This week, the notorious Louisiana State Penitentiary, nicknamed "Angola," will host one of the wildest events in the South: the Angola Prison Rodeo.
On April 22 and 23, prisoners will compete in brutal rodeo events like Prisoner Pinball, Prisoner Poker and Bust Out for a chance to earn a couple hundred dollars. There are often more participants than spots available in the rodeo.
They'll also hold a hobby craft fair where they can show off their talents and sell some of the wares they make behind bars.
The event is the longest running prison rodeo in the United States. It got its start back in 1964 as, what event organizers claims, was an event that allowed prisoners to enjoy a little entertainment.
Today, it's grown into something much bigger than anyone ever imagined. Thousands of people visit the rodeo every year, generating around half a million dollars in revenue for the prison.
This video shows the rodeo and craft show in action, and features some of the participants.
Over the years, some interesting things have taken place during the event. One year the bleachers collapsed, but fans simply sat on the broken structure and continued to watch the performance. Another year, rain threatened to end the festivities altogether, but the prisoners kept the show going.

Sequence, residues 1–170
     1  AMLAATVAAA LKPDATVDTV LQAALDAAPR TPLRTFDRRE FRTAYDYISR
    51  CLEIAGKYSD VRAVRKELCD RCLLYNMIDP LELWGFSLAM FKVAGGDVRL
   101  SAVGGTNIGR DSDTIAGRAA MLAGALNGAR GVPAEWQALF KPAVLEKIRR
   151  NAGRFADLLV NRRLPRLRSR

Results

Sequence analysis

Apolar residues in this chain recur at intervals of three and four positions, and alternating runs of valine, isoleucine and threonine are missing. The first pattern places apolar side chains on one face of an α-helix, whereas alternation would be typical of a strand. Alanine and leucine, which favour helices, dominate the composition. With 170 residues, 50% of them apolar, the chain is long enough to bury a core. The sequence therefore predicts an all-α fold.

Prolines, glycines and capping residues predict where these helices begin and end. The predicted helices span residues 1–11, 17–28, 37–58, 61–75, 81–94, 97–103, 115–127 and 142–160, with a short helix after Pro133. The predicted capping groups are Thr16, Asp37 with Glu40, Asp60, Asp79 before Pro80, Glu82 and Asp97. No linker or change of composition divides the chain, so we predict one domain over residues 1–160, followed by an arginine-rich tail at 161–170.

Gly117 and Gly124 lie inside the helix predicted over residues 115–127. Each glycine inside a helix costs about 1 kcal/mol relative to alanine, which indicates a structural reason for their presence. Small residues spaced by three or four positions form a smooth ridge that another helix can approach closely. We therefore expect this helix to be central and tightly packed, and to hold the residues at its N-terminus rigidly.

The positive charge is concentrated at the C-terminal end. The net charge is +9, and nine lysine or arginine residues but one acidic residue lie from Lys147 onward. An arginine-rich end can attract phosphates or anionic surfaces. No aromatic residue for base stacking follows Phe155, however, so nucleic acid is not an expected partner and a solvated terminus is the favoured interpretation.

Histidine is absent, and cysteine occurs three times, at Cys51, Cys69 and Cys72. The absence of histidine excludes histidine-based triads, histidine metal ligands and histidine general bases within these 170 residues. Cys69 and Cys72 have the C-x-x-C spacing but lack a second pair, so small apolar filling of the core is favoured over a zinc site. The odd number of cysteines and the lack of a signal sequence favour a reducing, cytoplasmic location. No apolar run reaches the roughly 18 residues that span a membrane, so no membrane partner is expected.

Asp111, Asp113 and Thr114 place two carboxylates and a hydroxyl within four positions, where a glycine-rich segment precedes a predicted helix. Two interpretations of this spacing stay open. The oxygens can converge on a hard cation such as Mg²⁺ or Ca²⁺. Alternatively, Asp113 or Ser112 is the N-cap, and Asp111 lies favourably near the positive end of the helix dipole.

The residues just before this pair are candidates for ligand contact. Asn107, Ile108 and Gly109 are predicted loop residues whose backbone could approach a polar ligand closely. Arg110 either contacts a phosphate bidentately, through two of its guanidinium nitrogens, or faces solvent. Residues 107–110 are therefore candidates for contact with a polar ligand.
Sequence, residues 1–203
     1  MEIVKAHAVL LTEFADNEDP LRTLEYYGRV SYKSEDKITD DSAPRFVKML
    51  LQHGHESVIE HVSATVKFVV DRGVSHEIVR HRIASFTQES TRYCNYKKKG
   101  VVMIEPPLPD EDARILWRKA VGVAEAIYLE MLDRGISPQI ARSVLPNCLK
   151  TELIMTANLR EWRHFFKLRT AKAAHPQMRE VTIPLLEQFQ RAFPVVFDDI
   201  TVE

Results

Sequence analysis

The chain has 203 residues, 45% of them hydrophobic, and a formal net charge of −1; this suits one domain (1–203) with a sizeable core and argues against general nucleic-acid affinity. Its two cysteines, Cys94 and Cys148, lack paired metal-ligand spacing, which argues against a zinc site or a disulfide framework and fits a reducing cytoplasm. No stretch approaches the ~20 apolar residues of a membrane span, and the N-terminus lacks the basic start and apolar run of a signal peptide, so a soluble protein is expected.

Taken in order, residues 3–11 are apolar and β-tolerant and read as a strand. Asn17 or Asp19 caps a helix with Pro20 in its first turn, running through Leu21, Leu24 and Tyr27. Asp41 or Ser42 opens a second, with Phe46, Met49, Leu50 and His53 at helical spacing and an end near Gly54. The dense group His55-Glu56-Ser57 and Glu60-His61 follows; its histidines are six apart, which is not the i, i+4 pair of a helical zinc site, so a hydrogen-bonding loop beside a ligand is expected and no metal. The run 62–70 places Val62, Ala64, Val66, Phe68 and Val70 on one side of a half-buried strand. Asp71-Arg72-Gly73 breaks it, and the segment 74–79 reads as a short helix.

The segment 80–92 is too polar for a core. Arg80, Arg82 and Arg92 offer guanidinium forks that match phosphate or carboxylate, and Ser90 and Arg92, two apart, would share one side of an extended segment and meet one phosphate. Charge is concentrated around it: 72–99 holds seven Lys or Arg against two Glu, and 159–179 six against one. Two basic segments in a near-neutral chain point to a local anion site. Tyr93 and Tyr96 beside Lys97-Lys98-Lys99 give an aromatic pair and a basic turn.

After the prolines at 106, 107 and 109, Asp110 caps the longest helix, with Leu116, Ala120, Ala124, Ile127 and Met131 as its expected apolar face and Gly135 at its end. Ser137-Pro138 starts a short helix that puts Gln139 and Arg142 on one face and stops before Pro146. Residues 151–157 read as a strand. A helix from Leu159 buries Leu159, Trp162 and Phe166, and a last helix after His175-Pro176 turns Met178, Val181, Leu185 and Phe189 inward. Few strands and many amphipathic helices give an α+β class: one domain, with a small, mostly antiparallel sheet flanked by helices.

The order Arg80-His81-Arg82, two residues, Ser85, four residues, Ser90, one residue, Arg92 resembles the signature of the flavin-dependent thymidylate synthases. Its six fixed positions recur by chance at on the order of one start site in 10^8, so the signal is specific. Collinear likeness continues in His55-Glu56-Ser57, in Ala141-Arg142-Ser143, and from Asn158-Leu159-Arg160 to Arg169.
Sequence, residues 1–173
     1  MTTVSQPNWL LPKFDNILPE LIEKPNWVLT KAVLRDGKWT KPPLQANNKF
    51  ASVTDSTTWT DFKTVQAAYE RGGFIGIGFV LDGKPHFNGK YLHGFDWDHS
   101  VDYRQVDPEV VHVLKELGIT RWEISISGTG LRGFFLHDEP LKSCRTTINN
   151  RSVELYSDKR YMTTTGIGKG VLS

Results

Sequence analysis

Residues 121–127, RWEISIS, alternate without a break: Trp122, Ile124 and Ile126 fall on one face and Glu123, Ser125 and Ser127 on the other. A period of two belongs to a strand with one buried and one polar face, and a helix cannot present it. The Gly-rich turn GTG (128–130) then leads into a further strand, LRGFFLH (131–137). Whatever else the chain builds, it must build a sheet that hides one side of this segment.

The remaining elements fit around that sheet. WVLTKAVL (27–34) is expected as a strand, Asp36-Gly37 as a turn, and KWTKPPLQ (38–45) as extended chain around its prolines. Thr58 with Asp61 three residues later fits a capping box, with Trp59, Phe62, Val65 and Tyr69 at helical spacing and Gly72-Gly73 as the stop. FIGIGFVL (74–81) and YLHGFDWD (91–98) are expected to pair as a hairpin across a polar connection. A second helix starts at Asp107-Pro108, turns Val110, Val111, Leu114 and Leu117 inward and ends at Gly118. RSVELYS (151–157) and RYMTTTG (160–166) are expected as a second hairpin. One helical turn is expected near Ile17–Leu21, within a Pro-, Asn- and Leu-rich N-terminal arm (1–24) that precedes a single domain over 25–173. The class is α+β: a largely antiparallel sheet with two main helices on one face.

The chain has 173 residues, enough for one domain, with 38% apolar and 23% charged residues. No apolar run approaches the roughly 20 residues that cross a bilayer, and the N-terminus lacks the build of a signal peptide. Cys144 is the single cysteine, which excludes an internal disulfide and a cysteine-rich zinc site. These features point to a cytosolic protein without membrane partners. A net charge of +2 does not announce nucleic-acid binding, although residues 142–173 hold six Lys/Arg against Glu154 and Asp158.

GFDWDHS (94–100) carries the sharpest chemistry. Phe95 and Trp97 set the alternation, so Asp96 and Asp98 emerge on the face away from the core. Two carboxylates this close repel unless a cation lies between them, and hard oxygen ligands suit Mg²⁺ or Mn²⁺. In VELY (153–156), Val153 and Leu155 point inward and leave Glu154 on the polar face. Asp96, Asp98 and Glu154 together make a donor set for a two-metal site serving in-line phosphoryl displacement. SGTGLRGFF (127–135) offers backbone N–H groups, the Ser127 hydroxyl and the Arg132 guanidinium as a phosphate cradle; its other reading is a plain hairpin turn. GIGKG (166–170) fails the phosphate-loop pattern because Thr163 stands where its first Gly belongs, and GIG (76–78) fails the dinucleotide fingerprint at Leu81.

It wasn't until 1972 that the rodeo became a permanent fixture of the prison. Professional producers, judges and rodeo clowns are recruited to promote competitiveness and safety at the event. Recently, the prison built a new arena that can seat 10,500.
Of course, not everyone loves this rodeo as much as the 10,000 visitors that attend every year. Many are appalled by the brutality of the event altogether. One critic compared it to the Coliseum of Roman times.
The prison argues that the rodeo gives prisoners a way to interact with the outside world, earn a livable wage, and that it helps pay for programs that are beneficial to the prisoners.
On the flip side, prisoners are in an awful lot of danger throughout the rodeo. There are also rumors that they may not have as big of a choice whether to participate or not as we might think.
A great deal of money goes into running a rodeo this big. Just this year, lawmakers ordered an audit of the prison to make sure it is using the proceeds from the rodeo the right way. Currently, prisoners earn cash prizes for winning the events, which is one reason so many brave the danger of competing. But this is only a small portion of what the rodeo brings in.
The Angola Rodeo takes place every spring and fall. Tickets cost $20, but children under 2 are free if you plan to hold them in your lap. If you do want to attend the rodeo, take a look at the event's website for more information.
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